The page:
Rituxan is a different and important new class of drug ... a biologic immunotherapy. It's a man-made antibody (a biologic) that binds to a receptor on the surface of lymphoma cells, which has direct effects but also flags the cells for an immune response. The combination of chemo with Rituxan (chemo-immunotherapy) has improved survival for lymphoma patients significantly in recent years. 

While no patient relishes the idea of receiving cytotoxic chemotherapy treatment, it's vital to appreciate the proven benefits of this class of drug in lymphoma ... so that we can make informed choices -- guided by our trained physicians.

It seems evident that the value and potential of chemo drugs differs a lot by type of cancer, type of chemo, the dose, and when you give it. It's value as a component of immunotherapy is not widely appreciated but is well established in the literature.  The value of chemotherapy as an effective part of therapy specific to lymphoma should not be forgotten.

Karl Schwartz, patient advocate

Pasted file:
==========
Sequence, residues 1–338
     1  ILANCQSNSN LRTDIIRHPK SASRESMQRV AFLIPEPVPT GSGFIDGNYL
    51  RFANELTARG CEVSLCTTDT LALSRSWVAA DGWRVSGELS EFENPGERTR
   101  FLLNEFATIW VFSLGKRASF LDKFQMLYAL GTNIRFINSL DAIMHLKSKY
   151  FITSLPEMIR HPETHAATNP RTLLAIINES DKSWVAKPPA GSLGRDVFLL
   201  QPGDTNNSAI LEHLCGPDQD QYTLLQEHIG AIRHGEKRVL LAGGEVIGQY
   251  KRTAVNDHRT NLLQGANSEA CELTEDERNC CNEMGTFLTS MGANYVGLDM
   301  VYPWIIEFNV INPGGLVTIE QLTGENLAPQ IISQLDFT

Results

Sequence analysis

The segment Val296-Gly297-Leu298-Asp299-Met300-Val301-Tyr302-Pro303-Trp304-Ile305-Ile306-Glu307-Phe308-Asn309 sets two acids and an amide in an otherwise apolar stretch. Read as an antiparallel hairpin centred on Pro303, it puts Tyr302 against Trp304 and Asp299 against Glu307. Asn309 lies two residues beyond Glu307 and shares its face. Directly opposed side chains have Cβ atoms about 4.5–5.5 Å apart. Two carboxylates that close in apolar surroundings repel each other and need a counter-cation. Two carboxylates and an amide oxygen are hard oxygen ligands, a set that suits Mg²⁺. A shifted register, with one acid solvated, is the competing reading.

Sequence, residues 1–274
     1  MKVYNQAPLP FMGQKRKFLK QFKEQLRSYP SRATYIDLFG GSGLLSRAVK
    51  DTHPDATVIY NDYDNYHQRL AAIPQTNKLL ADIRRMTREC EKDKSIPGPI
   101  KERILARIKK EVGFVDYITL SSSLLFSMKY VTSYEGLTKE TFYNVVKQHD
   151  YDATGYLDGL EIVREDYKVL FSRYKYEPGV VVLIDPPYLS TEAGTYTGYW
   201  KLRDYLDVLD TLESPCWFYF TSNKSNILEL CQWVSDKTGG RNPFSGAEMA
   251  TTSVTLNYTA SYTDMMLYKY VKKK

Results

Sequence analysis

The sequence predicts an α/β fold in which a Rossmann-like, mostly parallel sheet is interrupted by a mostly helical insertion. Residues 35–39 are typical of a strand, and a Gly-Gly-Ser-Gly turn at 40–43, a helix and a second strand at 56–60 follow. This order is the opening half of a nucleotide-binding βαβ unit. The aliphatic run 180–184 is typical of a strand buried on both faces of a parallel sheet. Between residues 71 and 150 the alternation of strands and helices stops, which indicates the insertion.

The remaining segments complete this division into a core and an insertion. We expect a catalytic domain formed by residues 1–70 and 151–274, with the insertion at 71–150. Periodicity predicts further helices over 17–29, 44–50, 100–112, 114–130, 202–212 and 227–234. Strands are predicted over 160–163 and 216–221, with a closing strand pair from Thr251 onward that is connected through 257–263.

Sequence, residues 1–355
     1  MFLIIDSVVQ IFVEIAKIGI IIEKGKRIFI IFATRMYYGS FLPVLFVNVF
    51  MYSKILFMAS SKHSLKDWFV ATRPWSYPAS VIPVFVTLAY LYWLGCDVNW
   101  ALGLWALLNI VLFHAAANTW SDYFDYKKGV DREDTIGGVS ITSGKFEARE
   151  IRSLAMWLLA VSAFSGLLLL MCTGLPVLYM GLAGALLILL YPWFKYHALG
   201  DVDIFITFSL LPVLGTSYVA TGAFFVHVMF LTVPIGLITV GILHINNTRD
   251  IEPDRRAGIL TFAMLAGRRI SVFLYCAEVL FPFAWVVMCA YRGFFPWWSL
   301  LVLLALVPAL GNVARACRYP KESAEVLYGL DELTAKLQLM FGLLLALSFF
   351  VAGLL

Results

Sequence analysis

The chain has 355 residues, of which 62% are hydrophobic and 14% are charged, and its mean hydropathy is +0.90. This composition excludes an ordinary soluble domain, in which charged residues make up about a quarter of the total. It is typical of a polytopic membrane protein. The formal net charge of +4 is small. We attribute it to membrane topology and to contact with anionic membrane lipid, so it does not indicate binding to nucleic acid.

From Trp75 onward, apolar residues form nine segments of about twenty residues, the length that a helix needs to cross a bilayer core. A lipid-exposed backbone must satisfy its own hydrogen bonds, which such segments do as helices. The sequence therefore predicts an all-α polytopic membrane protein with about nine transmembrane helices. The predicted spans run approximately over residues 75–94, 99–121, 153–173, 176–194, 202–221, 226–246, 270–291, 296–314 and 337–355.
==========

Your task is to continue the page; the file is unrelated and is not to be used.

Related publications

bullet

JNCI: Gene Profiles May Help Predict Response to Chemotherapy http://bit.ly/1MTDCz4

bullet

Combining Immunotherapy With Chemotherapy to Treat Cancer - Robbert G van der Most - Discovery Medicine http://bit.ly/1IHocjK

And so on - topic search:  http://www.ncbi.nlm.nih.gov

bullet

NCI: What is Cancer Immunotherapy? - YouTube http://bit.ly/1JRufgr

bullet

Understanding Chemotherapy From www.cancer.gov http://1.usa.gov/1Sd93LC 

Chemotherapy is a cancer treatment that uses drugs to destroy cancer cells. It is also called “chemo.” Today, there are many different kinds of chemotherapy. So the way you feel during treatment may be very different from someone else.

 
Disclaimer:  The information on Lymphomation.org is not intended to be a substitute for 
professional medical advice or to replace your relationship with a physician.
For all medical concerns,  you should always consult your doctor. 
Patients Against Lymphoma, Copyright © 2004,  All Rights Reserved.